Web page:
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Sourcing Matters ep. 41: “Systems Thinking in food production”– live recorded at the “Let’s talk about Food” festival at Harvard University – looks at harmonizing with more natural systems, and evaluates better management practice that could be used to produce our food in the future. Host Aaron Niederhelman will guide the discussion to cover diverse topics.  Not the least of which a process that’s being used to sequester carbon through reengaging the natural system of our living soils – on the hoof.  Additionally, one of the most under valued workforce in food production – pollinators.  And, it’ll be a conversation that clearly detail how what you eat is the most impactful vote you have to positively benefit your health and that of your family, to increase global stability and to mitigate climate change.   So, If you’re an environmentalist, a humanitarian, a patriot, a doctor, or even that you just want to look and feel better – tune-in and learn how your grocery budget can change the world.
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@JHashley || @NewEntry

@RidgeShinn

@Lets Talk About Food

 



Ep. 40: Live recorded at Harvard’s Let’s Talk About Food festival – we host a discussion about “Ocean Farming” with CEO of Ocean Approved Bri Warner, and Perry Raso, founder of Matunuck Oyster farm & bar ||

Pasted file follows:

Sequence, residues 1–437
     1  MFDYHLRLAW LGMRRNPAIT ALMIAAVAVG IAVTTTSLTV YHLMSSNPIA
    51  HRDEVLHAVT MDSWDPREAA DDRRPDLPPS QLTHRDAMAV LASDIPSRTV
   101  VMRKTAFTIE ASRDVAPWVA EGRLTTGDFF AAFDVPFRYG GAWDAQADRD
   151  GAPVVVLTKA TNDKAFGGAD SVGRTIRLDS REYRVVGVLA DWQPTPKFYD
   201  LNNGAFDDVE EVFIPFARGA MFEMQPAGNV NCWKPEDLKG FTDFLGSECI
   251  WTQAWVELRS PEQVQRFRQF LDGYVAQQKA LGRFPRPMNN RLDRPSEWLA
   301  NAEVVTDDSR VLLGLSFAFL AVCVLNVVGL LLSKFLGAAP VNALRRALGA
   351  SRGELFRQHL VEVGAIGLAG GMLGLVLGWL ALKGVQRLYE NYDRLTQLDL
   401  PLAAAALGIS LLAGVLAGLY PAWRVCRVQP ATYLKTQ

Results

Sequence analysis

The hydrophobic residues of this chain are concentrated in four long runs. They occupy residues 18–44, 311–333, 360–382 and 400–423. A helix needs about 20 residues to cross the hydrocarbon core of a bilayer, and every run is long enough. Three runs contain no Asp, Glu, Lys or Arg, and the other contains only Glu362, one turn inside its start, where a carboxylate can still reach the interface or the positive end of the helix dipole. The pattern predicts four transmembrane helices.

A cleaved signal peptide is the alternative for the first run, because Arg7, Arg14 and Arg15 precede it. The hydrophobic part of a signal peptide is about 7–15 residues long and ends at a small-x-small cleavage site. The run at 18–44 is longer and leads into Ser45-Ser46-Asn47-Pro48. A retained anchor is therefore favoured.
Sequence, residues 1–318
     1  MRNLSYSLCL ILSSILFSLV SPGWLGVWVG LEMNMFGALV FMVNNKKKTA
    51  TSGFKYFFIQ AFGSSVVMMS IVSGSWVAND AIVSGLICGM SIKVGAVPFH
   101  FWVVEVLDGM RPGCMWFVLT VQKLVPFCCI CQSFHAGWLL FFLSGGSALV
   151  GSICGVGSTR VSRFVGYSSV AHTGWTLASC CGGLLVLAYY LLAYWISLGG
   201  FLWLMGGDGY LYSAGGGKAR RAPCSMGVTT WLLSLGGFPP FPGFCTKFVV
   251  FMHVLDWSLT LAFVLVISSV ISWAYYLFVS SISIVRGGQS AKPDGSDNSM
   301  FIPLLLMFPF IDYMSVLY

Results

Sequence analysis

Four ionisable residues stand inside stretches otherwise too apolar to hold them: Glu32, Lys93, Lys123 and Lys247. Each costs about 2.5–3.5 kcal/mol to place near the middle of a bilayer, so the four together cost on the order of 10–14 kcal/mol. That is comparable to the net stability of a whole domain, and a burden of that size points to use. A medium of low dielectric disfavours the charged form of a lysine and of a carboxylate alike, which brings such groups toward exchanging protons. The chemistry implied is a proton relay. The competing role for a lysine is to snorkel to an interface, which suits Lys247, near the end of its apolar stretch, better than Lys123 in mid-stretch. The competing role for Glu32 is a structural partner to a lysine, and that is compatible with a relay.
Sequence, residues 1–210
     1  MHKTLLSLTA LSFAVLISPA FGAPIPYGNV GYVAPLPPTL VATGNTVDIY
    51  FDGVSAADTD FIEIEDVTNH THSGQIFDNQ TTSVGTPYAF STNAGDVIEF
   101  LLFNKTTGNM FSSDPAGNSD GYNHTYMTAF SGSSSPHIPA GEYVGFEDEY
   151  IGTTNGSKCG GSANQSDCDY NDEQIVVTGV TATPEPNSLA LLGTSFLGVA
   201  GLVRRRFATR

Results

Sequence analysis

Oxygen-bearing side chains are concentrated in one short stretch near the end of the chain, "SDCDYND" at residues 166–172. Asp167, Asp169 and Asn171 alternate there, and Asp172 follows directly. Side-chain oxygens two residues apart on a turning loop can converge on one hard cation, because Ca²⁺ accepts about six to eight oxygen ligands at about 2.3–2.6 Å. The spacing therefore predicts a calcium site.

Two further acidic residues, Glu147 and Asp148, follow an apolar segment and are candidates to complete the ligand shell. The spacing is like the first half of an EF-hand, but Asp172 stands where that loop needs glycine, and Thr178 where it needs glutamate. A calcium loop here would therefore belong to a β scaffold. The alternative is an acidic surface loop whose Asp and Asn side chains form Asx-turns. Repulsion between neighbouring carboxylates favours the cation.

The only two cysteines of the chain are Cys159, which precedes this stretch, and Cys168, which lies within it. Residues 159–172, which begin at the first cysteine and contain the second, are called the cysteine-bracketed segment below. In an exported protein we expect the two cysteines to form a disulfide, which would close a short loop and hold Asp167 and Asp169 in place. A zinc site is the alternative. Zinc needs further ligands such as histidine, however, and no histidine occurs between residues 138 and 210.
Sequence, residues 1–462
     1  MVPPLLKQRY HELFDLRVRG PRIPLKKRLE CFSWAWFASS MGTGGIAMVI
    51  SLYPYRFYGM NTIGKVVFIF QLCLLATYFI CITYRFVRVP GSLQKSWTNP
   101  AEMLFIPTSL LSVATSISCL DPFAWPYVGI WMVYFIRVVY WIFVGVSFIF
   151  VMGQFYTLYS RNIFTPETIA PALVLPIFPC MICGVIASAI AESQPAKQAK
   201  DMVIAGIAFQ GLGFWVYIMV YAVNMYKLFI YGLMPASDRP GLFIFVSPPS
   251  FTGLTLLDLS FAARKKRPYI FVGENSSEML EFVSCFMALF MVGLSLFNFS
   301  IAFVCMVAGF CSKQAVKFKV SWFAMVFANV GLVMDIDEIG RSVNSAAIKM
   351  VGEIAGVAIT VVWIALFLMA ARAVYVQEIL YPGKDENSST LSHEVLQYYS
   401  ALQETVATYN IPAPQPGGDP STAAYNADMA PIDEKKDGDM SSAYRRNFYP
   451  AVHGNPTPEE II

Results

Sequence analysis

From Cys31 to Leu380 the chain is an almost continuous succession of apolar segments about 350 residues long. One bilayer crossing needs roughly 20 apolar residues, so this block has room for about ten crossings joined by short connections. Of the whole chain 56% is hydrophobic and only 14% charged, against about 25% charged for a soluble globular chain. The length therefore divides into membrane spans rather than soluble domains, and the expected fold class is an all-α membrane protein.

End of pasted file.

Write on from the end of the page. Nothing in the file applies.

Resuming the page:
Our seas are under threat.  Floating plastic islands are but icing on the cake of a much bigger problem – how we manage the oceans.  It’s a complex discussion with a simple solution.  You see, we’ve got 92% of global fisheries already stressed, and large population densities are tied to some of these soon to reach exhaustion. The continued contamination from the waste we spew into these channels of our food, and all the supporting natural systems of the oceans will soon reach a ceiling.  And, it’s going to hurt.  With 3 billion reliant on sea-proteins as their main caloric intake for the day, if we have only dirty or no fish we’re all due for a rude awaking no matter where you call home.  We’ve begun farming fish in all reaches of the planet.  In fact, today 50% of fish consumed is farmed raised.  But, most of that farm raised stuff is nearer feedlot beef as compared to the clean and healthy moniker that open caught seafood had long-since enjoyed.  That it’s all changing is an understatement.